Hound of the Baskervilles

Hound of the Baskervilles

Hound of the Baskervilles

Friends discuss a scary dog next door. The Grammar focuses on Demonstrative Determiners.

Ravenna: “Did you see that dog next door?
Lark: “It must be the new owner’s dog. They just moved in.”
Ravenna: “It’s a monster. I jumped out of my skin when I saw it. I can’t let my children play near that thing.”
Lark: “I’m sure they’ll have it locked up soon. That’s not a dog, it’s something else again.”
Ravenna: “Soon isn’t soon enough.”
Lark: “I hear you. But I’m sure they’ll take care of it.”
Ravenna: “Why would they? What kind of person owns a killer dog like that?”
Lark: “A drug dealer? A member of the Russian mafia?”
Ravenna: “This is not good.”


Move in means to move one’s things into a particular location so as to make it one’s new residence or place of business. See online Idioms Dictionary.
Something else again means the reality of the dog is something much more extreme than some other, less problematic situation. See online Idioms Dictionary.
Locked up means to confine or exclude something or someone as if by means of a lock. See online Idioms Dictionary.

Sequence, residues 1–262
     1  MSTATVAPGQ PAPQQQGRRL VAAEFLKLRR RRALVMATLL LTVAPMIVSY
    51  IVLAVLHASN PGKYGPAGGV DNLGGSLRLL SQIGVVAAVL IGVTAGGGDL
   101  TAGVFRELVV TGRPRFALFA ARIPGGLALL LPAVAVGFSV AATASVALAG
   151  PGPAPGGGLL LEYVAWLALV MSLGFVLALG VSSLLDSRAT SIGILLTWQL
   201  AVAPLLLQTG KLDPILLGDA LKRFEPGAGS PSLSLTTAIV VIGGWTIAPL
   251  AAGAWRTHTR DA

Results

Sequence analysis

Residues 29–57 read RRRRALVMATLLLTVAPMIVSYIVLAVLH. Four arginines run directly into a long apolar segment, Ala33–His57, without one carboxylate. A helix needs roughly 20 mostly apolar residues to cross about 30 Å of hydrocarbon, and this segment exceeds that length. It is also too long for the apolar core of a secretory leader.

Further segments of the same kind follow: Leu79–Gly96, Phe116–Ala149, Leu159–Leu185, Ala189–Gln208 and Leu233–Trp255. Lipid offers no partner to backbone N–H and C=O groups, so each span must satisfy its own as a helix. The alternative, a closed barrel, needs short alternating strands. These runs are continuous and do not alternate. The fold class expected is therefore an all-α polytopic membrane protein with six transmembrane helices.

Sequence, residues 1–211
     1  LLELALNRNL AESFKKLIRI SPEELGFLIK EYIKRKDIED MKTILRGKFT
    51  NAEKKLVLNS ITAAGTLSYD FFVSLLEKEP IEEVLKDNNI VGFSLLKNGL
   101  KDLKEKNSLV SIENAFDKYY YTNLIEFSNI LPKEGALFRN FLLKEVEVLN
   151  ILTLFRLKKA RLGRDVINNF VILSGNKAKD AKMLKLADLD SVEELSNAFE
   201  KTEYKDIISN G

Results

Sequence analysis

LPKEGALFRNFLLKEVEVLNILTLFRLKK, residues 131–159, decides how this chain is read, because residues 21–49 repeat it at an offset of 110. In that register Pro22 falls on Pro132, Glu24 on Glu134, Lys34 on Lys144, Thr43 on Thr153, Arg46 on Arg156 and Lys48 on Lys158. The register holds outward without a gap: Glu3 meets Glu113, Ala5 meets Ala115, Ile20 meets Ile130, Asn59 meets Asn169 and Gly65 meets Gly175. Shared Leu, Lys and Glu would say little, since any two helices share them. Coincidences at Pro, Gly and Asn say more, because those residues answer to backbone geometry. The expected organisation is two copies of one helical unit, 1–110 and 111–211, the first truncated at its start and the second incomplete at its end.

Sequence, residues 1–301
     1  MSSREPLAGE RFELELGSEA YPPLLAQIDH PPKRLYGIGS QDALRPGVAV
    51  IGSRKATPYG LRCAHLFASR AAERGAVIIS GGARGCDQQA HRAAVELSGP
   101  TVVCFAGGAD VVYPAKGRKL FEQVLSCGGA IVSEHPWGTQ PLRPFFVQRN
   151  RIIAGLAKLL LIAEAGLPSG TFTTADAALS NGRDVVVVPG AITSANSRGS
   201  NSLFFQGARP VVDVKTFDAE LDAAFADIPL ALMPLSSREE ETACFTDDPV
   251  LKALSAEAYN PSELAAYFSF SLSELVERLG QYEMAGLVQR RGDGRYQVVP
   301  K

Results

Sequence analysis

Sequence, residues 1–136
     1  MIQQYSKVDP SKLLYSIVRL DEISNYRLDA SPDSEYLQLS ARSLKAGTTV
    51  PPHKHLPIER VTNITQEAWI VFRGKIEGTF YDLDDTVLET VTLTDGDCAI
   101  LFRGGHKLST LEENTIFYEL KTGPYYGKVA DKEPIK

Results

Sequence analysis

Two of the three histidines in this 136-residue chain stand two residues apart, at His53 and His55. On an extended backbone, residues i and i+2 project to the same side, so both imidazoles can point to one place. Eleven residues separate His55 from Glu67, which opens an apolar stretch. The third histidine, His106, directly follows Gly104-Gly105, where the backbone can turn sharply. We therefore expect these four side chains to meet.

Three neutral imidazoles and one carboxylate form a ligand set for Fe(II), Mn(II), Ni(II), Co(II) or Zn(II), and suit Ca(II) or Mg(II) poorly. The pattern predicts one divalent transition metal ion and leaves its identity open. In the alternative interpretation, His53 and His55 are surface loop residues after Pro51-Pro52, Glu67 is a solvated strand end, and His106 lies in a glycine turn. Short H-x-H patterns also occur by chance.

Suggested Topic for Comments: Demonstrative Determiner

“Did you see that dog next door?” Again, “that” is used as a demonstrative determiner, not a pronoun or a conjunction.


New Idioms are “Barrel of fun” and “Have them over.” The Grammar focuses on Demonstrative Determiners.

Garrick: “I can’t believe that rottweiler running around free like that.”
Sam: “That’s the scariest looking dog I’ve ever seen. How much did he weigh?”
Garrick: “He was huge. Maybe two hundred pounds.”
Sam: “Hound of the Baskervilles, that’s for sure.”
Garrick: “Seriously, can you imagine taking your little kid for a walk and running into that thing?”
Sam: “The owners should always keep him on a leash.”
Garrick: “Ah, that sweet little puppy would never hurt anybody.”
Sam: “Yeah sure, and I sip battery acid when I have a sore throat!”
Garrick: “Seriously, they’re banana-heads for letting that dog loose like that.”
Sam: “Are you sure it was a dog?”
Garrick: “That’s a good question. But I’m sure those people are a barrel of fun at parties!”
Sam: “I know I’m going to have them over as soon as I can.”


Banana-head means a stupid person. See online Idiom Dictionary.
Barrel of fun means a person or thing that is very enjoyable (often used sarcastically). See online Idiom Dictionary.
Have them over means to invite someone to come to one’s home for a meal, party, etc. See online Idiom Dictionary.

Suggested Topic for Comments: Uses of the word “that.”

That rottweiler,” “that thing,” “that sweet little puppy,” “that dog.” Here that is used as a demonstrative determiner. That has other uses, including various functions as a relative pronoun and a conjunction.

Some other demonstratives are this, these and those.

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